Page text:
PIKETON, Ohio – Some counties across Appalachia Ohio may see a boost in health care management and an increase in more affordable insurance options in early 2010 as the result of a new healthcare cooperative developed, in part, by a $200,000 rural economic development grant awarded to Ohio State University.
Tom Snyder, OSU South Centers Ohio Cooperative Development Center program manager, said that the development of the cooperative would help maintain cost-effective, viable healthcare in a region of Ohio that is suffering from high unemployment, low wages and an increasing aging population.
"Providers contracted through the cooperative could offer services at a reduced cost to customers – perhaps as much as 10 percent or 20 percent," said Snyder. "With the development of this cooperative we are trying to avoid a healthcare crisis by being able to maintain affordable healthcare insurance for communities."
The Home Health Care Provider Cooperative, formed by the Ohio Area Agencies on Aging 8 with the assistance of OCDC, is designed to improve home health aide career growth, advancement, training and retention among health care providers. The cooperative will serve eight counties: Morgan, Monroe, Athens, Meigs, Hocking, Perry, Noble and Washington. This new cooperative was awarded the Outstanding AAA/Provider Partnership for 2009.
OCDC was awarded the $200,000 rural economic development grant by the U.S. Department of Agriculture to assist new and emerging cooperatives, like the Home Health Care Provider Cooperative and small businesses, in rural southern Ohio communities with populations less than 50,000.
Three other cooperatives benefiting from the grant monies include a purchasing cooperative, a farmers' market cooperative and an initiative to provide broadband Internet services.
The purchasing cooperative involves the collaboration of six groups in Pike County to offer products, benefits and services to its members. The groups involved in the cooperative include: Ohio Forestry Association, Farmers' Market Management Network, South Central Manufacturers Network, Benefits Unlimited, Home Health Care Provider Cooperative, and Mother Earth Resources Cooperative.
"The development of the cooperative gives its employees more leverage to acquire the services or products they need, rather than having to deal with that as a single business or entity," said Snyder.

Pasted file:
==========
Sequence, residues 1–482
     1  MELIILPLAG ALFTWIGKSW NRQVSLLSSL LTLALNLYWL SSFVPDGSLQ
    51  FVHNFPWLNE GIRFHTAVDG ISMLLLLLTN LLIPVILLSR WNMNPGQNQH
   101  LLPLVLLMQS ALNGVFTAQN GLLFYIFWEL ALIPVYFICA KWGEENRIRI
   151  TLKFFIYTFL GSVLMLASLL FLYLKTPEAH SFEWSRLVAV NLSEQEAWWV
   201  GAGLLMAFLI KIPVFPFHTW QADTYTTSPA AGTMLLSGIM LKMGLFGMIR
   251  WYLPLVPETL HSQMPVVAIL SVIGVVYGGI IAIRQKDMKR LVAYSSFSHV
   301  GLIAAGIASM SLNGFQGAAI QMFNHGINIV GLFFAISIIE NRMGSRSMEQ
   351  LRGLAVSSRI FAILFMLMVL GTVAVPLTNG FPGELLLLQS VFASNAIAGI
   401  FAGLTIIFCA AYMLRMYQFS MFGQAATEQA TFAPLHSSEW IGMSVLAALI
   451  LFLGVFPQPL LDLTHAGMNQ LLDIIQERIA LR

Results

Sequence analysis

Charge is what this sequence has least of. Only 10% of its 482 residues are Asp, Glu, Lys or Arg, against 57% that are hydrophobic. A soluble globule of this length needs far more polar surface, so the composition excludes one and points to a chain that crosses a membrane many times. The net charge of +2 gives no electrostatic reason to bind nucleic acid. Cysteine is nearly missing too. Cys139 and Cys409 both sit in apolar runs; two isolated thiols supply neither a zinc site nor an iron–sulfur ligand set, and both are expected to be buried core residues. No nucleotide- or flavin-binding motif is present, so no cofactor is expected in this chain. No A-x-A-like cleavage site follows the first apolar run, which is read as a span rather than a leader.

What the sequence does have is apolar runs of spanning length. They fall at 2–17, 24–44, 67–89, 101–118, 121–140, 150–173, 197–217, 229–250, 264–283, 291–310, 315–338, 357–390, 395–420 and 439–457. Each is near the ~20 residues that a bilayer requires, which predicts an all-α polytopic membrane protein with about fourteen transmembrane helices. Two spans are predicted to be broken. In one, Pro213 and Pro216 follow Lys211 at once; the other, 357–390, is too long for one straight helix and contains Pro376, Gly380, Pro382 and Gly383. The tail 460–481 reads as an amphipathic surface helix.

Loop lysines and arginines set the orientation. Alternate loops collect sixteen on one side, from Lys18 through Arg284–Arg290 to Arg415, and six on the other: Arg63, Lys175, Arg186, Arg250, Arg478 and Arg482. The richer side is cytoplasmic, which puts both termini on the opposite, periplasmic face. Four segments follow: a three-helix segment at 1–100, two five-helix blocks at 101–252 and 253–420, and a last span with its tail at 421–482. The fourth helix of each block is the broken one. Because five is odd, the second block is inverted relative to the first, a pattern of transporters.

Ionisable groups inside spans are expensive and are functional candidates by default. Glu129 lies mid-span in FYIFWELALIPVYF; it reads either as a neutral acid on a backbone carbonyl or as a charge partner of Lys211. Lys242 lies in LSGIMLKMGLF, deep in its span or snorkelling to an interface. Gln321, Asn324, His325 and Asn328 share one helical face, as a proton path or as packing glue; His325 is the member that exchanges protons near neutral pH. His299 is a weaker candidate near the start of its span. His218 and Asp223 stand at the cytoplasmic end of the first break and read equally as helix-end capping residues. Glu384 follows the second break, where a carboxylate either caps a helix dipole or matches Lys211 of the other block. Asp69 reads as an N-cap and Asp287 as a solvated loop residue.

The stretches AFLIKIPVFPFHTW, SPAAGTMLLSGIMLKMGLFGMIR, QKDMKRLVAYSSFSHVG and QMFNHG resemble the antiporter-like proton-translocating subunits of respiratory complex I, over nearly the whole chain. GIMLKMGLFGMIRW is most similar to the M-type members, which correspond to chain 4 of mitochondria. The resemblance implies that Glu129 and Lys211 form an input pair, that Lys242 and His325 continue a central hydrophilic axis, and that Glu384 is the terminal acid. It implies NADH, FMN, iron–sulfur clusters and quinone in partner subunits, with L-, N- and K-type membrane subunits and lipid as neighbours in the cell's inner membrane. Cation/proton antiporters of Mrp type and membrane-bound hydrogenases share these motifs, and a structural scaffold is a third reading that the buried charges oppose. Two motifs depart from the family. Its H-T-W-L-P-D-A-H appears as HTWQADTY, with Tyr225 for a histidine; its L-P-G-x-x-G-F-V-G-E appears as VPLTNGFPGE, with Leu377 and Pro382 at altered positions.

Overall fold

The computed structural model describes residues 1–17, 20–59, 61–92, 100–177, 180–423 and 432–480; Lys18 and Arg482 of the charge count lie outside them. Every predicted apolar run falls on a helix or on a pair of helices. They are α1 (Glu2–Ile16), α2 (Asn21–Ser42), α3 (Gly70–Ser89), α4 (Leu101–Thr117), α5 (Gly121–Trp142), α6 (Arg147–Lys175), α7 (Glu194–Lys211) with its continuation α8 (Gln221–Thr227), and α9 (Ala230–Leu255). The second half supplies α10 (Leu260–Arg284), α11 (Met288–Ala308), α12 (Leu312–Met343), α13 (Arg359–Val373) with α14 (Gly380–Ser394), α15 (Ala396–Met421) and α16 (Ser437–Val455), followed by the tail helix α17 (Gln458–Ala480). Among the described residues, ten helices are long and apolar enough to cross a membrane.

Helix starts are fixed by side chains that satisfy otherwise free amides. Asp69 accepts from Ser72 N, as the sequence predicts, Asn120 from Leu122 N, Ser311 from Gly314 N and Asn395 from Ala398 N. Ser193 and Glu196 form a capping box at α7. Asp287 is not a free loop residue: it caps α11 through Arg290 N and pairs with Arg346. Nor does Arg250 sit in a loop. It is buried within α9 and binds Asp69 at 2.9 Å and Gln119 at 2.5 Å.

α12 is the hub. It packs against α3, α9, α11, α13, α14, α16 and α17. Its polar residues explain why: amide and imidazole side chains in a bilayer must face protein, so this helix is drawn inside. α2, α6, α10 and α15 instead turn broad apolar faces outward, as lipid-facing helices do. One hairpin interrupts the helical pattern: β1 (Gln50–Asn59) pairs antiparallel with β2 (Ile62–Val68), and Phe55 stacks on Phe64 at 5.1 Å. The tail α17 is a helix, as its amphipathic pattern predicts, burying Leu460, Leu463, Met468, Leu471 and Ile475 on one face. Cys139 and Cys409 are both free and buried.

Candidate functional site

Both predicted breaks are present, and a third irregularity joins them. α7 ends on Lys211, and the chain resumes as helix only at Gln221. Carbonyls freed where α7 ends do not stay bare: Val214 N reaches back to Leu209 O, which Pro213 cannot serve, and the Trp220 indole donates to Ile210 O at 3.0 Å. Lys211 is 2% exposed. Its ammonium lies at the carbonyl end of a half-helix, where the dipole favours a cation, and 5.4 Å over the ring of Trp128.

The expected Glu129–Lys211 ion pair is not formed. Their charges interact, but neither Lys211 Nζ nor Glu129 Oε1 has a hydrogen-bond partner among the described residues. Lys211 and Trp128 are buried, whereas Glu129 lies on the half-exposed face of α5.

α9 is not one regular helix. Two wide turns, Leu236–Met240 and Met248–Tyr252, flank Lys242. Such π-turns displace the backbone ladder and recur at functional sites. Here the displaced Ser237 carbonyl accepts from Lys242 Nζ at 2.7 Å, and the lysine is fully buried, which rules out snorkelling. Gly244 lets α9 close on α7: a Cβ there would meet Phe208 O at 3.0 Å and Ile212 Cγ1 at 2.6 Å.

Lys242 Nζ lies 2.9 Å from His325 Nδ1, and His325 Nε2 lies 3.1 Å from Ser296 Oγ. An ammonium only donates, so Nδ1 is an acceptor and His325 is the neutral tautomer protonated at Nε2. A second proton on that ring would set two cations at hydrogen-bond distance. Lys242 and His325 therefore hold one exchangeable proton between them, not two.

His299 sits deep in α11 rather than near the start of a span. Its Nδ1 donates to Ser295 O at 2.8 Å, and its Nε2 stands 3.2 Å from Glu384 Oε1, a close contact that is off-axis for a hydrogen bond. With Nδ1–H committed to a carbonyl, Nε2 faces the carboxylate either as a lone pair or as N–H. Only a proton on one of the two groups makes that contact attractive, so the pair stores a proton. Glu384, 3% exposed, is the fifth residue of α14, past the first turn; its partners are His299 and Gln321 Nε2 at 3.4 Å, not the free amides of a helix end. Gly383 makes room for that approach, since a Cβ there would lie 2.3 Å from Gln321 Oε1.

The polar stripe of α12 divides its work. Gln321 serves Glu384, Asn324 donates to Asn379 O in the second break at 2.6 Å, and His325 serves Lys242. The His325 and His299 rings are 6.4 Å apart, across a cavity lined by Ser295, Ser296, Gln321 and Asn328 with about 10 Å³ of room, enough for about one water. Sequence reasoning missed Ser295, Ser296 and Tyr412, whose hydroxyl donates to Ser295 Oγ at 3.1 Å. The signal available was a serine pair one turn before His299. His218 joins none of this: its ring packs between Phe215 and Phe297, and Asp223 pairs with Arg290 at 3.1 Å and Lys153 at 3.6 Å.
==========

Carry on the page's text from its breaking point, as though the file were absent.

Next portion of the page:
The purchasing cooperative is expected to launch in early 2010.
The Farmers' Market Management Network was formed to support new farmers markets across the state. To date, 20 farmers markets are members of the network, but the effort has the potential to attract upwards of 200 farmers markets. Each farmers market, on average, can support as many as of 30 vendors.
The Broadband Collaboration Initiative is designed to improve broadband Internet services in Ashland County.
"The effort is specifically meant to serve rural areas or underserved areas of the county," said Snyder.
The effort, led by the Ashland County Commissioners and funded by the Ohio Department of Development, is still in the feasibility study and planning stages.
For nearly a decade the Ohio Cooperative Development Center has been supporting rural economic development throughout southern Ohio by assisting businesses in developing cooperatives. The goal is to encourage businesses that serve a common purpose to work together rather than individually, especially in communities where cooperatives would have a significant impact on economic development and where they would be more cost-efficient.
For more information on the Ohio Cooperative Development Center, contact Tom Snyder at (740) 289-2071, ext. 220, or e-mail email@example.com.
The $200,000 rural development grant is part of the USDA initiative, "Know Your Farmer, Know Your Food" – an effort to connect people more closely to farmers and the production, marketing and consumption of the food that is grown. Twenty-one states were awarded $4.8 million in grants to spur rural economic development.